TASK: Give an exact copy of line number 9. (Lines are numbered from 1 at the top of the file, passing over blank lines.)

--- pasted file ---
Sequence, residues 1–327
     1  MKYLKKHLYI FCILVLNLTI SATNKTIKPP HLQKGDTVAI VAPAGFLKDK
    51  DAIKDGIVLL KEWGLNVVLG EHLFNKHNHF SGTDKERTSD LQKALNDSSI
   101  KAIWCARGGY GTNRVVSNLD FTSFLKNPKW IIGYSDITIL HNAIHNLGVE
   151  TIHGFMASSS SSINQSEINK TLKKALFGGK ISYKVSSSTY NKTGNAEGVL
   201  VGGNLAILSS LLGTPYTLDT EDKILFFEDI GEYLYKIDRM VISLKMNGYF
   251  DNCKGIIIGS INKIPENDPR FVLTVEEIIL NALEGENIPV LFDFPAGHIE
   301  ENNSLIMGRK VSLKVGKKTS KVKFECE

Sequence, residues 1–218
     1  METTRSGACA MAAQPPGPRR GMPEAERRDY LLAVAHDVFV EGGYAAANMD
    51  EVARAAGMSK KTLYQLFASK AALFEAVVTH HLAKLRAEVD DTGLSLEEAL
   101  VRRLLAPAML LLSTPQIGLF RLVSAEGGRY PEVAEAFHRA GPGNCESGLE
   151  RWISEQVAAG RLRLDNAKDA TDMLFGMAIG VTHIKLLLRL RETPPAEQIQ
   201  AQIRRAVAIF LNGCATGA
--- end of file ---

Sequence, residues 1–218